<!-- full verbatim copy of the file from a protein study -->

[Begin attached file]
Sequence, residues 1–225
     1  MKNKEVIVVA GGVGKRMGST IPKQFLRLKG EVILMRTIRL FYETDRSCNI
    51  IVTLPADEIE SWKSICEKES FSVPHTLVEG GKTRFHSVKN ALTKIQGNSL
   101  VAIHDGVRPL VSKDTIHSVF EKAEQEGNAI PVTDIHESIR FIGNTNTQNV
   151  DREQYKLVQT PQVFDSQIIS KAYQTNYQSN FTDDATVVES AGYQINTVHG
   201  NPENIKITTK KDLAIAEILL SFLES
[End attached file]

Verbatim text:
Sequence, residues 1–225
     1  MKNKEVIVVA GGVGKRMGST IPKQFLRLKG EVILMRTIRL FYETDRSCNI
    51  IVTLPADEIE SWKSICEKES FSVPHTLVEG GKTRFHSVKN ALTKIQGNSL
   101  VAIHDGVRPL VSKDTIHSVF EKAEQEGNAI PVTDIHESIR FIGNTNTQNV
   151  DREQYKLVQT PQVFDSQIIS KAYQTNYQSN FTDDATVVES AGYQINTVHG
   201  NPENIKITTK KDLAIAEILL SFLES